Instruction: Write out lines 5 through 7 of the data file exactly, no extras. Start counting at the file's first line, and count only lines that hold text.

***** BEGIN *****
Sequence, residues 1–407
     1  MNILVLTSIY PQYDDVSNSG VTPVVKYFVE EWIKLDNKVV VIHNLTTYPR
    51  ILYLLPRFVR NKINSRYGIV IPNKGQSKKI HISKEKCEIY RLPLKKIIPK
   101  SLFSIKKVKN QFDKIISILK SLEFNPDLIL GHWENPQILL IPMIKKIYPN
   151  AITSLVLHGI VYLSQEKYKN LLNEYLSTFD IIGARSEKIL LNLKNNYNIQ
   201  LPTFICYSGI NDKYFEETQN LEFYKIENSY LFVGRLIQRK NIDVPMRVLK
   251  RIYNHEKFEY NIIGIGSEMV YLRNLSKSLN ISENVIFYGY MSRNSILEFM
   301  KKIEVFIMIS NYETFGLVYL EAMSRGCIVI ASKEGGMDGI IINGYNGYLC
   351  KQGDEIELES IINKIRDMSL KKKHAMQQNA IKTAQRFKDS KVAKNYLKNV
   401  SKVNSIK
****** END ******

   151  AITSLVLHGI VYLSQEKYKN LLNEYLSTFD IIGARSEKIL LNLKNNYNIQ
   201  LPTFICYSGI NDKYFEETQN LEFYKIENSY LFVGRLIQRK NIDVPMRVLK
   251  RIYNHEKFEY NIIGIGSEMV YLRNLSKSLN ISENVIFYGY MSRNSILEFM